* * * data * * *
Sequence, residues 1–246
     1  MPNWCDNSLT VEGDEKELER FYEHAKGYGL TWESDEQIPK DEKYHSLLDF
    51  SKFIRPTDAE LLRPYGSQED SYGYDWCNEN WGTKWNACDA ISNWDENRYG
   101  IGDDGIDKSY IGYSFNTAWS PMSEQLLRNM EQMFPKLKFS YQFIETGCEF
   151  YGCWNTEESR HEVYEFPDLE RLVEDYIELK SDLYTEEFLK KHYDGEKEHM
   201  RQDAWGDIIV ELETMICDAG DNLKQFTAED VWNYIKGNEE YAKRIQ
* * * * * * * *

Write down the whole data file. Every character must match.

Sequence, residues 1–246
     1  MPNWCDNSLT VEGDEKELER FYEHAKGYGL TWESDEQIPK DEKYHSLLDF
    51  SKFIRPTDAE LLRPYGSQED SYGYDWCNEN WGTKWNACDA ISNWDENRYG
   101  IGDDGIDKSY IGYSFNTAWS PMSEQLLRNM EQMFPKLKFS YQFIETGCEF
   151  YGCWNTEESR HEVYEFPDLE RLVEDYIELK SDLYTEEFLK KHYDGEKEHM
   201  RQDAWGDIIV ELETMICDAG DNLKQFTAED VWNYIKGNEE YAKRIQ